With the Fed on hold, banks' net interest margins continue to come under pressure. "The dramatic loan growth banks have enjoyed also will slow, especially in consumer- or mortgage-related segments," Bagley says. Another direct hit to earnings could come from the greater reserves banks set aside for rising defaults or credit deterioration. While big banks with thriving investment-%banking operations might hold up well, smaller regional lenders will have a harder time.
The KBW Bank Index has slipped 4% since March 21 even as the market advanced, as inflation stayed firmer than investors hoped. The index fell Wednesday after minutes from a recent policy meeting showed the Federal Reserve still vexed by inflation and none too likely to begin cutting interest rates soon.
The potential for economic deceleration, a worsening housing market and inflation that keeps the Fed's hands tied could prove to be a "perfect storm" for banks, says Dan Jones, who runs Blue Water Asset Management. As a hedge, he suggests buying June put spreads on the bank index.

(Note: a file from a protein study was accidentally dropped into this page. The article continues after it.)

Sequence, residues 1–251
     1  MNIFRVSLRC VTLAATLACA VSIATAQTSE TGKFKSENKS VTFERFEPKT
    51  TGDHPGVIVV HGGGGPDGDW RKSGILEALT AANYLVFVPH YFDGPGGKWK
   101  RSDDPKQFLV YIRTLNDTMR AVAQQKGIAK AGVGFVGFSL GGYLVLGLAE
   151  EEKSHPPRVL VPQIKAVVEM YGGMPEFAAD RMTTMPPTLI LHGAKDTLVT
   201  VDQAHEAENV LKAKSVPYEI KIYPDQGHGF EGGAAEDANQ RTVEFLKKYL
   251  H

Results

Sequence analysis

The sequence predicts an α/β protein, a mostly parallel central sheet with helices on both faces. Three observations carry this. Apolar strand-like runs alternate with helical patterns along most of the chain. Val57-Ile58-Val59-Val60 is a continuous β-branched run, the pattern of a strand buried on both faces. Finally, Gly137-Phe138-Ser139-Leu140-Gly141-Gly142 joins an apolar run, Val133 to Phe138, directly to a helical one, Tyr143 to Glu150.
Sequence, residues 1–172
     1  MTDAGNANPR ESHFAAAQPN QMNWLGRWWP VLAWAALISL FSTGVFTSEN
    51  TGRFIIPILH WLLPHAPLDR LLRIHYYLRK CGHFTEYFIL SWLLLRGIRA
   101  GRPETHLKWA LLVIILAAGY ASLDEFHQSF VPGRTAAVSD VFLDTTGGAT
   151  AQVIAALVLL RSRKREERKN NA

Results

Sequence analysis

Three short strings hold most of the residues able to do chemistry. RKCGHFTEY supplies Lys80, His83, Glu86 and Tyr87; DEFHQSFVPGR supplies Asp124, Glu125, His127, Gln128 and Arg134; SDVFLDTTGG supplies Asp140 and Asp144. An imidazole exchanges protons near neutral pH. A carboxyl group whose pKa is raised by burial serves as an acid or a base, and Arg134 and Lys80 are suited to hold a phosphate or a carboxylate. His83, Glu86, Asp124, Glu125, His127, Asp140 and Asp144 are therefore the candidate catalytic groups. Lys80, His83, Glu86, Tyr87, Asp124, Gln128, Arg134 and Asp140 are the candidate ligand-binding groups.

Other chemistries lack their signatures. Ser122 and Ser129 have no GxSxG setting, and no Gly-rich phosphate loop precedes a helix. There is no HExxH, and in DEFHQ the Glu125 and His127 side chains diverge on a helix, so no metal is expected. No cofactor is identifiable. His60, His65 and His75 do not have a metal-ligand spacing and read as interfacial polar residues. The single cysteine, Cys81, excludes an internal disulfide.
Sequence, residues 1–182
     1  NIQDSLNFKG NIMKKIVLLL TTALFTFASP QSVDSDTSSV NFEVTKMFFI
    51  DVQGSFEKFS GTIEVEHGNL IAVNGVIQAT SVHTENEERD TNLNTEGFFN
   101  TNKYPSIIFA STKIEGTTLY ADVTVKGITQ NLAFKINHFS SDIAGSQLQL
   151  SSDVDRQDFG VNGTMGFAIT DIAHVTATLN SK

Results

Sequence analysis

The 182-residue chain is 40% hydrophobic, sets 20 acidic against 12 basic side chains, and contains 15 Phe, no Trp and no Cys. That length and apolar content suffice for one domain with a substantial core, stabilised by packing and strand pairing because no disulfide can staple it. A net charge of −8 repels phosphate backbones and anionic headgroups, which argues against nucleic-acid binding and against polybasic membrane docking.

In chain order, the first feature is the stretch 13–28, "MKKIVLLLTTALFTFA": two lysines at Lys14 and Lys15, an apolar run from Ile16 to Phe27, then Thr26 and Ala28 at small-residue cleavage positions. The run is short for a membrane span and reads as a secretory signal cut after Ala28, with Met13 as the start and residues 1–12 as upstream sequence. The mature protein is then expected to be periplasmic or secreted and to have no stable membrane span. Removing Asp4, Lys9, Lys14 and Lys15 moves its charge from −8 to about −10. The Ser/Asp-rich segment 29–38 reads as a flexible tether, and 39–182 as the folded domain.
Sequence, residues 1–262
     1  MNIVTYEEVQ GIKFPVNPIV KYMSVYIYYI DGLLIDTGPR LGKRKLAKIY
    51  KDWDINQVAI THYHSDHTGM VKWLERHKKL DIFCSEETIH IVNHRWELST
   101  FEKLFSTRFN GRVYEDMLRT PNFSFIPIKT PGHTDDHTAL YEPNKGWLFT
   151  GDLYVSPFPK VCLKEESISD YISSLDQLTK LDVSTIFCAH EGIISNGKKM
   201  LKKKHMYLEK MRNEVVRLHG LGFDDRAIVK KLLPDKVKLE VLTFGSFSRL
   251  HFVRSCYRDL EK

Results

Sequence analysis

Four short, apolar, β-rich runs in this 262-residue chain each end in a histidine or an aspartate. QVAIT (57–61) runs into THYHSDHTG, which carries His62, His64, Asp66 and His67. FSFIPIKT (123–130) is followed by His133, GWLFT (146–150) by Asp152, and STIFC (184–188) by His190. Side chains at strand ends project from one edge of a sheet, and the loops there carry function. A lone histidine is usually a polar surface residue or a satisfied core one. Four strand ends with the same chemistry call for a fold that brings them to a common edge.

This is not the most comforting news around. It's important to remember that banks are not invulnerable to a housing slowdown. The Streetlight Blog did a nice overview of the situation and came to this conclusion:
It may indeed be the case that banks will dodge any incoming bullets from the growing number of mortgage defaults, as many people argue. But evidence like this tells me that banks have a lot to lose if mortgages go bad.
Here are the links to the articles.